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Neuroimage Clin. 2019;21:101598. doi: 10.1016/j.nicl.2018.11.008. Epub 2018 Nov 13.

Neural response during emotion regulation in monozygotic twins at high familial risk of affective disorders.

Author information

1
Copenhagen Affective Disorder research Centre (CADIC), Psychiatric Centre Copenhagen, University Hospital of Copenhagen, Rigshospitalet, 6233, Blegdamsvej 9, 2100 Copenhagen, Denmark; Danish Research Centre of Magnetic Resonance, Copenhagen University Hospital, Kettegård Alle 30, 2650 Hvidovre, Denmark.
2
Copenhagen Affective Disorder research Centre (CADIC), Psychiatric Centre Copenhagen, University Hospital of Copenhagen, Rigshospitalet, 6233, Blegdamsvej 9, 2100 Copenhagen, Denmark.
3
Department of Psychiatry, University of Illinois at Chicago, 1747 Roosevelt Rd, Chicago, IL 60608, USA.
4
University of California Davis, 135 Young Hall, One Shields Avenue, CA 95616, USA.
5
Centre for Psychiatry, Imperial College London, South Kensington Campus, London SW7 2AZ, UK.
6
Danish Research Centre of Magnetic Resonance, Copenhagen University Hospital, Kettegård Alle 30, 2650 Hvidovre, Denmark; Department of Neurology, Copenhagen University Hospital, Bispebjerg, University of Copenhagen, Hvidovre Hospital, Kettegård Alle 30, 2650 Hvidovre, Denmark.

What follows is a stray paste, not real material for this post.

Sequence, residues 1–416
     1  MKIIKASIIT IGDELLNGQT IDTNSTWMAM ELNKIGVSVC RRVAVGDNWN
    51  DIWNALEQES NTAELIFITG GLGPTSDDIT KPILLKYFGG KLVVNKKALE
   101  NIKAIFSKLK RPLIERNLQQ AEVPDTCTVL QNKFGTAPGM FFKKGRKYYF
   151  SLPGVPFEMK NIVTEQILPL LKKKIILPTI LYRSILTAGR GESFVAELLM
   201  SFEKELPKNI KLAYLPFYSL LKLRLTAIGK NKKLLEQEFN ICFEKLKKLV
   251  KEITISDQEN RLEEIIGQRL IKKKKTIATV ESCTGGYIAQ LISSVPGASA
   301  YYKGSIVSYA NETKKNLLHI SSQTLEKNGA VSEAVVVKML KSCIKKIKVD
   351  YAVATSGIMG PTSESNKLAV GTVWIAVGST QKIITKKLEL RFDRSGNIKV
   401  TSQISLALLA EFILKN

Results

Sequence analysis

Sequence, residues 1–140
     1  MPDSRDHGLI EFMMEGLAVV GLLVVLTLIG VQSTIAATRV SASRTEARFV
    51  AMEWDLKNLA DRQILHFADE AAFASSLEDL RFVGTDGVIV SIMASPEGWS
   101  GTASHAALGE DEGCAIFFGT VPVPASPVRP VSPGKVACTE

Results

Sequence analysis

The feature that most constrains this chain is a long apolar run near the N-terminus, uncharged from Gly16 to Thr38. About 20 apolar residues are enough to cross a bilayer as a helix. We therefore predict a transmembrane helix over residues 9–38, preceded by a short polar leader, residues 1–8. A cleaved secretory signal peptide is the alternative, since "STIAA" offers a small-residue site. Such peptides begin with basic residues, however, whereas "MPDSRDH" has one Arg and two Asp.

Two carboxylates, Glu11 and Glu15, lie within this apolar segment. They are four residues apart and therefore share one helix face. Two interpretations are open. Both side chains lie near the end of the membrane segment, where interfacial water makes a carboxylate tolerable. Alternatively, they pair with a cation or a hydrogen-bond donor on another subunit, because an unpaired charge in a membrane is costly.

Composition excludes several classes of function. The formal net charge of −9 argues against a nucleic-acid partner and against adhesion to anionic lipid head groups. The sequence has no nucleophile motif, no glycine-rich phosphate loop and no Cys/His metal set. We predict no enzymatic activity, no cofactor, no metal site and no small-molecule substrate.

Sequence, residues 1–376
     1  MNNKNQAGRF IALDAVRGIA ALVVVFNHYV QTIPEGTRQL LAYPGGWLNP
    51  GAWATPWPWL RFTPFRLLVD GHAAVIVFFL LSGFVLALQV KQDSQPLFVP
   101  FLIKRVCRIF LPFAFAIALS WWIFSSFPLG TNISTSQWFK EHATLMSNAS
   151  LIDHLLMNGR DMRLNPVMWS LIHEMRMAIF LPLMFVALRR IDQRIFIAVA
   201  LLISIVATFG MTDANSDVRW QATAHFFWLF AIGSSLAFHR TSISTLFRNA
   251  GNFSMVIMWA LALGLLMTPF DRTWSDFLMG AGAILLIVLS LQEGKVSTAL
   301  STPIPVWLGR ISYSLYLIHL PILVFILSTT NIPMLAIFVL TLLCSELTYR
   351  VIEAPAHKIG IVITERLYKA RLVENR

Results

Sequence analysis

7
Copenhagen Affective Disorder research Centre (CADIC), Psychiatric Centre Copenhagen, University Hospital of Copenhagen, Rigshospitalet, 6233, Blegdamsvej 9, 2100 Copenhagen, Denmark; Department of Psychology, University of Copenhagen, Øster Farimagsgade 2A, 1353 København K, Denmark. Electronic address: kamilla@miskowiak.dk.

Abstract

PURPOSE:

We investigated the neural correlates of emotion regulation and -reactivity in adult unaffected monozygotic twins with a co-twin history of unipolar or bipolar disorder (high-risk), remitted or partially remitted twins with a personal history of unipolar or bipolar disorder (affected) and twins with no personal or first-degree family history of unipolar or bipolar disorder (low-risk).

METHODS:

We assessed 37 high-risk, 56 affected and 28 low-risk participants. Participants viewed unpleasant and neutral pictures during functional magnetic resonance imaging and were instructed to down-regulate their emotional response through reappraisal or mental imagery, as well as to maintain the elicited emotion.

RESULTS:

After adjusting for subsyndromal depressive symptoms, bilateral supplementary motor areas, posterior dorsal anterior cingulate cortices and the left frontal eye field showed less activity during reappraisal of unpleasant pictures in high-risk than low-risk participants. Notably, affected participants did not differ from high-risk or low-risk participants in neural response during reappraisal. There were no group differences in ventrolateral prefrontal cortex seed based functional connectivity during reappraisal or neural response during mental imagery or emotional reactivity.

CONCLUSION:

Lesser response in dorsal midline areas might reflect familial risk related abnormalities during down regulation of emotional reactivity through reappraisal.

KEYWORDS:

Cognitive neuroscience; Endophenotypes; Magnetic resonance imaging; Monozygotic twins; Mood disorder

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